Titans offensive coordinator Matt LaFleur already stated that Henry and Lewis would be 1A and 1B, giving owners nightmares of an even timeshare. Lewis is a far better pass-catcher and blocker than Henry, and the Titans brass clearly do not trust Henry enough as a three-down RB.

My guess is that this backfield nears a 50-50 split with both backs eating heavily into the production of the other. Henry is going nearly 30 spots higher than Lewis in drafts and I think that gap should be a lot smaller.

Green Bay Packers

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The Packers' backfield doesn’t have the name-value of the Titans running backs, but will be every bit as frustrating for Fantasy owners. Aaron Jones, Jamaal Williams, and Ty Montgomery are in a heated battle for the starting role and with no indication of who comes out on top.

As of now, the Packers are looking at a committee approach, with Ty Montgomery seeing heavy usage thanks to his versatility in the passing game. This leaves Jones and Williams fighting for the remainder of the carries. If one can establish himself above the other two, owners will have an RB2 on their hands. However, without a clear starter, owners will be playing a pure guessing game as to which RB will produce in any given week.

What Other Rookies Can Make An Early Impact?

Rashaad Penny, Seattle Seahawks

With the direction of their offseason moves, Seattle seems set on moving the offense towards running the ball. In that regard, they drafted Penny 27th overall and plan on him making a significant impact. He has all the physical tools you want in a running back: Speed, power, size and receiving ability that has drawn some comparisons to David Johnson.

As of now, Penny is in line for the bulk of the carries. However, Chris Carson could push him or even earn the starting job if Penny’s pass-blocking issues or reported questionable work ethic keeps him from integrating fast enough. Thanks to healthy competition for touches from Carson and C.J. Prosise, combined with the poor Seahawks offensive line, Penny’s floor is very low in his first season.

Sony Michel, New England Patriots

Similar to the situation with Penny and Seattle, owners hope the investment of a first round pick means that Michel will receive the bulk of the running back work. As always, it’s impossible to read Bill Belichick and the plans he has for his backfield. I believe that Michel will receive a significant workload, that is, until he fumbles.

Now, Belichick doesn’t seem like the guy to use a first round pick on someone who won’t play a ton. However, some over-zealous owners are drafting Michel as if he will be the unquestioned number one. Running backs Rex Burkhead and James White will get plenty of touches, capping Michel's ceiling.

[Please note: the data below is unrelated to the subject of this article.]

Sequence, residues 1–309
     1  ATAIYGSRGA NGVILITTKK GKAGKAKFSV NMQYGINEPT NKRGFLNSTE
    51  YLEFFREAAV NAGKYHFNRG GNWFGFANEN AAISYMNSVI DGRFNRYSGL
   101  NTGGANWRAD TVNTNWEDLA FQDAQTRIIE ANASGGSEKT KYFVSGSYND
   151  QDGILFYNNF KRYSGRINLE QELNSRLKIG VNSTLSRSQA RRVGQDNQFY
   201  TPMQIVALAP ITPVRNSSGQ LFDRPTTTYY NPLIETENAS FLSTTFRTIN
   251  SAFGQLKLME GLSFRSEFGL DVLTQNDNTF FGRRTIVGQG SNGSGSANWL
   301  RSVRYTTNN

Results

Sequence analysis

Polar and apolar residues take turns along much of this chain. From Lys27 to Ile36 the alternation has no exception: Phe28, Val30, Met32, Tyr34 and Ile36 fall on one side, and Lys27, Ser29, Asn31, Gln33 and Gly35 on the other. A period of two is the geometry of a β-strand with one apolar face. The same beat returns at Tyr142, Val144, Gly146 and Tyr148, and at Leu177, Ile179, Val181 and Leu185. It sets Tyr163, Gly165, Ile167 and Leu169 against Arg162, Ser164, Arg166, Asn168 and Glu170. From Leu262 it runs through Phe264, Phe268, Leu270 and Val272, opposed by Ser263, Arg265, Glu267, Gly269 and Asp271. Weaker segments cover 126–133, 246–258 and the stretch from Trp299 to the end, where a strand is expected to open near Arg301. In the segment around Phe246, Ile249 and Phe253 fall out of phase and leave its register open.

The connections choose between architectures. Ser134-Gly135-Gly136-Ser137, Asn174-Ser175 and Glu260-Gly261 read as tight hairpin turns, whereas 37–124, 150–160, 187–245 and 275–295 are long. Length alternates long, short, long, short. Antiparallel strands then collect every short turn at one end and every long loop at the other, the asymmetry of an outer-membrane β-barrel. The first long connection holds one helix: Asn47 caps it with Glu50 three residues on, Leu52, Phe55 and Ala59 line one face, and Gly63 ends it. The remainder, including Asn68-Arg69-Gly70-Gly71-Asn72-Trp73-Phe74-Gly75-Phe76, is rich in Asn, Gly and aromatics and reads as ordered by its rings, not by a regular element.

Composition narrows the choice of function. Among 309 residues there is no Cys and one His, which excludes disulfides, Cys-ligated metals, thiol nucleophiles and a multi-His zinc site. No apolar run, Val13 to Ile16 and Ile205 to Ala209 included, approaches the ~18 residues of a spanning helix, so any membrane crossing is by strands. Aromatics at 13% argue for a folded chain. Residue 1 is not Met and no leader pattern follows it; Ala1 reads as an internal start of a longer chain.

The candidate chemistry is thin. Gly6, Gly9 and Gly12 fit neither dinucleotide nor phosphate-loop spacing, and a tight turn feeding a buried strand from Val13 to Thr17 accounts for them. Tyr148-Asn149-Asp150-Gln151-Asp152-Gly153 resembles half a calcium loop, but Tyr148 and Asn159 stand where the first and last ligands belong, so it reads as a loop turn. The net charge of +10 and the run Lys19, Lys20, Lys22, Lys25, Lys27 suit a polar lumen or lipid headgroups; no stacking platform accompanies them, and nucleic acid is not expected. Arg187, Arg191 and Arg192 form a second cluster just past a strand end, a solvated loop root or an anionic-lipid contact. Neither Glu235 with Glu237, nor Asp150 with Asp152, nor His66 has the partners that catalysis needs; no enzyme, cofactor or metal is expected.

Michel is a dynamic pass catcher and very elusive runner and has the talent to become the lead back, but hasn’t earned the job just yet and it’s tough to risk a 4th-5th round pick on someone who could end up in a three-way time share.

Nick Chubb, Cleveland Browns

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Chubb drafted into a tough situation and will have the hardest time producing Fantasy points compared to the other rookies.  Carlos Hyde is injury prone but, while healthy, is a solid runner who will be first on the depth chart.

Duke Johnson is an excellent pass-catching running back and is the established third-down option. This means that this limits Chubb to a time-share of the early down work. The very talented Chubb would immediately produce if Hyde ever misses time.

Ronald Jones II, Tampa Bay Buccaneers

At the moment, Jones is the pencilled in Bucs’ starter, with Charles Sims acting as the third down running back.  As the starter, he is in line for 15-20 touches per game. Jones is a very fast running back with top-notch breakaway speed and quickness.

There’s very little competition for the early down touches from Jacquizz Rodgers and Peyton Barber. However, the Bucs are a pass-first team, rushing the ball in just 37.6 percent of plays last season. Even if they get back to 40 percent, the team’s pass-heavy tendencies cap the ceiling of Jones. For that reason, Jones will likely produce RB2 numbers in his rookie season.

Derrius Guice, Washington Redskins

Like Chubb, Guice came out of the draft into a situation where he will be limited to just early down work. Chris Thompson is the clear third down back, cutting into Guice's touches. However, the early-down work should belong to Guice, but he’ll see some competition from Samaje Perine.